José L. Avalos
Research AreaBiochemistry, Biophysics & Structural Biology
Research FocusMetabolic engineering, organelle engineering, synthetic biology, structural biology, and protein engineering
Metabolic engineering is the application of genetic engineering to modify and optimize the metabolism and regulatory systems of an organism to produce or degrade a desired compound. We are currently focused on engineering microorganisms (mostly yeasts) for two possible goals: 1) to produce molecules of commercial value, such as biofuels, bioplastics, commodity chemicals, or specialty chemicals (drugs, pigments, flavorants, etc.) from renewable sources, including cellulosic biomass; or 2) to degrade or remove contaminants from the environment (bioremediation).
Subcellular engineering is a fast-growing field in bioengineering, in which metabolic pathways or other synthetic functions are targeted to specific cellular organelles to take advantage of their unique environments, metabolites, and enzymes, as well as their physical separation from the cytosol. We are particularly interested in mitochondrial engineering, where we have shown that targeting metabolic pathways to yeast mitochondria is an effective way to enhance the productivity of engineered pathways. In addition, we are interested in engineering the mitochondrial physiology to enhance metabolic pathways targeted to this highly dynamic, and versatile organelle.
Synthetic biology combines molecular biology, genetic engineering (including genome editing), directed evolution, biophysics, computational biology, and protein engineering, aiming to generate synthetic phenotypes (analogous to synthetic chemistry aiming to generate synthetic molecules by designing series of chemical reactions). We are particularly interested in developing biosensors and regulatory genetic circuits applicable to metabolic engineering. Biosensors are useful to measure, monitor, screen, or select for desired functions (either natural or engineered). Genetic circuits are useful to control engineered metabolisms and other engineered functions in the cell.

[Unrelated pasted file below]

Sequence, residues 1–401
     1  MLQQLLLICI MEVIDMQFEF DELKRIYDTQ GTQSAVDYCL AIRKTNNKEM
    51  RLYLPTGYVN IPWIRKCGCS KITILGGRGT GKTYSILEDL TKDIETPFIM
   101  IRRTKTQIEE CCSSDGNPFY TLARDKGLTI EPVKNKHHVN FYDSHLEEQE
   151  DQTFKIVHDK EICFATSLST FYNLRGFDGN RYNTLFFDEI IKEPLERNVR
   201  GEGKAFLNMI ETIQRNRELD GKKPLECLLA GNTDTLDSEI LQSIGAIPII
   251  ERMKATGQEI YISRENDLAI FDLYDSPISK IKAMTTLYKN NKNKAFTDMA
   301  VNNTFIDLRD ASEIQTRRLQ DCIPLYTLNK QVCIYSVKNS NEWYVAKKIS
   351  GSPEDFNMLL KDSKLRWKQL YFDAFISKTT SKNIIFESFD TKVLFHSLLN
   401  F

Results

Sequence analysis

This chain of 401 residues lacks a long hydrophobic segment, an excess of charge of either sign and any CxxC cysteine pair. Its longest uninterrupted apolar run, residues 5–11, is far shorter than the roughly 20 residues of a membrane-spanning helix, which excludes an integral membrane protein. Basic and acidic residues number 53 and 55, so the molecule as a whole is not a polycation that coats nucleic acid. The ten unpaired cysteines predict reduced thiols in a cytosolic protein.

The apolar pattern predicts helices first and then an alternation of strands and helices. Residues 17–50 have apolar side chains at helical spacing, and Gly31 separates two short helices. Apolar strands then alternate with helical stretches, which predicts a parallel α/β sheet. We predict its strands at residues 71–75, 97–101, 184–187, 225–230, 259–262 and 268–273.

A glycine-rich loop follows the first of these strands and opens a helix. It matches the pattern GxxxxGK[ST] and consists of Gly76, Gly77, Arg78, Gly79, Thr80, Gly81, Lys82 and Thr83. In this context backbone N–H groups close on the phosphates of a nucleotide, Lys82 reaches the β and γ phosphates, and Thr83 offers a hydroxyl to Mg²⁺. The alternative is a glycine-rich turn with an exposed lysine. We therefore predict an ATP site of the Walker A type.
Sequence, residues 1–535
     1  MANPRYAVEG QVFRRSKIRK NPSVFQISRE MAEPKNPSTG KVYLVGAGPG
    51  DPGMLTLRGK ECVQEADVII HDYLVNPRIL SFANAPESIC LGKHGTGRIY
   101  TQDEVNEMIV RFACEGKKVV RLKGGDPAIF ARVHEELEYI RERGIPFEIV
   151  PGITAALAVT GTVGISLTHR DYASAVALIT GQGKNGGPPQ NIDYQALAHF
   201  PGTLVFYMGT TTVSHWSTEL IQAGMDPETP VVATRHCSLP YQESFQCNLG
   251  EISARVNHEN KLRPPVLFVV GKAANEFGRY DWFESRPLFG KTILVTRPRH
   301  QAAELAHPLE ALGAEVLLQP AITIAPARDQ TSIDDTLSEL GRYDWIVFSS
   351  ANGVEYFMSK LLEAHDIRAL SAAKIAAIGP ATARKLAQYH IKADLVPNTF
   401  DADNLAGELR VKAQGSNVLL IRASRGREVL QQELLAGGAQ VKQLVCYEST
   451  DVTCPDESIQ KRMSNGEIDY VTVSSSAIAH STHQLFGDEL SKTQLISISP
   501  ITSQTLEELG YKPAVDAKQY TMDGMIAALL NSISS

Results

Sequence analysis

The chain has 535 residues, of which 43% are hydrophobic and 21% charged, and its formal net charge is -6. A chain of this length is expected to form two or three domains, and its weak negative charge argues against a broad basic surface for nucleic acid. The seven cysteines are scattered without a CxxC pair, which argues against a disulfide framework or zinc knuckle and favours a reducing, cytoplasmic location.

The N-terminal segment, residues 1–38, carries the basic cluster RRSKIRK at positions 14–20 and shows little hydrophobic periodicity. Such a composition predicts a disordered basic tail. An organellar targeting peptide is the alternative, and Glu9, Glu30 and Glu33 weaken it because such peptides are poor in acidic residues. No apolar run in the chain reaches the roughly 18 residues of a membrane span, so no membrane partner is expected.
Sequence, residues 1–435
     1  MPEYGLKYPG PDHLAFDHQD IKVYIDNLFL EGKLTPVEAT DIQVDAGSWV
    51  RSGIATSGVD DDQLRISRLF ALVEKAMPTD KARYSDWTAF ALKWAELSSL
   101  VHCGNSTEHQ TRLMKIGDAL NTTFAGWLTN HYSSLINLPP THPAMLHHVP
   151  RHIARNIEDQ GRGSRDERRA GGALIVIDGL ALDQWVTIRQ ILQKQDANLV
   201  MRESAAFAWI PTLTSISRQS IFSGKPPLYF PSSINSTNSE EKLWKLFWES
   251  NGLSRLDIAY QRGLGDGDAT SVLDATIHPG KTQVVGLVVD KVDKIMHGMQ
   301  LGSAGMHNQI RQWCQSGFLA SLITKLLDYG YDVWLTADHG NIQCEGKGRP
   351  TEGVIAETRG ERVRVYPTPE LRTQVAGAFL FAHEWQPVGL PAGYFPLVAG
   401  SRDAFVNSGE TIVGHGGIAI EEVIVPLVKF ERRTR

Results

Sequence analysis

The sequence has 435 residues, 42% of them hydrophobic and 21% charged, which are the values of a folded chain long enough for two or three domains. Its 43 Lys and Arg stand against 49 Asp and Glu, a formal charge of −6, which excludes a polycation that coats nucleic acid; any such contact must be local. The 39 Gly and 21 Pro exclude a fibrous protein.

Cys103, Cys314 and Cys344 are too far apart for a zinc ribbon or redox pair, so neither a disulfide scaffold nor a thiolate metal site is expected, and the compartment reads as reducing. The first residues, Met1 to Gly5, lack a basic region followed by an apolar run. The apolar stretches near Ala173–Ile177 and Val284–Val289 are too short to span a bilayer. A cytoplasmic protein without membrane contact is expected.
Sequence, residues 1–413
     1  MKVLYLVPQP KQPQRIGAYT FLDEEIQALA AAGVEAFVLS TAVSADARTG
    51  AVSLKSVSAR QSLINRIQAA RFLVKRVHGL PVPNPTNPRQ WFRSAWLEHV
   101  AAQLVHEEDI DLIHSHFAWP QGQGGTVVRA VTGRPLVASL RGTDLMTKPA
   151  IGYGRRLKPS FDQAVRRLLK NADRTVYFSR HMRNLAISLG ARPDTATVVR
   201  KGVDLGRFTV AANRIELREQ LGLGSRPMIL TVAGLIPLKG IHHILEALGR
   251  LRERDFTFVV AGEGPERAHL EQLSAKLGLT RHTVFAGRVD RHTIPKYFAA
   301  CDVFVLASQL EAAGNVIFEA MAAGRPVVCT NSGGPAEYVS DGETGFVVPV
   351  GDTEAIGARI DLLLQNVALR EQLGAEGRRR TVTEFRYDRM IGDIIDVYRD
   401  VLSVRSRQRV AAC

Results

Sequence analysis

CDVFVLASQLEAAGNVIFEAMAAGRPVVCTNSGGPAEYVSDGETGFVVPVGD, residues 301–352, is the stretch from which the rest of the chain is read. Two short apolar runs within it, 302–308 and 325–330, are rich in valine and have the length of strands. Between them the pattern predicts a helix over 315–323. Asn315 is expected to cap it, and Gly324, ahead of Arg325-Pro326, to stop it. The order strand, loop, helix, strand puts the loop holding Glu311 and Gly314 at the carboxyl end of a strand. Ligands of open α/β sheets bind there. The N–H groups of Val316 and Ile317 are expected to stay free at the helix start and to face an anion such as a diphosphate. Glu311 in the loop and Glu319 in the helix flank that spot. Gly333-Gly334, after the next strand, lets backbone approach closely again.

Structural Biology and Protein Engineering
Our efforts in synthetic biology and metabolic engineering are complemented by fundamental studies on the molecular structure and function of the proteins involved, such as enzymes, transmembrane transporters, receptors, and transcription factors. To study these proteins in molecular detail, we use different biophysical and biochemical methods, including X-ray crystallography. Understanding the relationship between the structure and function of these proteins significantly enhances our ability to engineer them with new functions relevant to metabolic engineering or synthetic biology.
Compartmentalization of metabolic pathways in yeast mitochondria improves the production of branched-chain alcohols. Nat Biotechnol. 2013 ;31(4):335-41. .
Crystal structure of the eukaryotic strong inward-rectifier K+ channel Kir2.2 at 3.1 A resolution. Science. 2009 ;326(5960):1668-74. .
The structural basis of sirtuin substrate affinity. Biochemistry. 2006 ;45(24):7511-21. .
Insights into the sirtuin mechanism from ternary complexes containing NAD+ and acetylated peptide. Structure. 2006 ;14(8):1231-40. .
Mechanism of sirtuin inhibition by nicotinamide: altering the NAD(+) cosubstrate specificity of a Sir2 enzyme. Mol Cell. 2005 ;17(6):855-68. .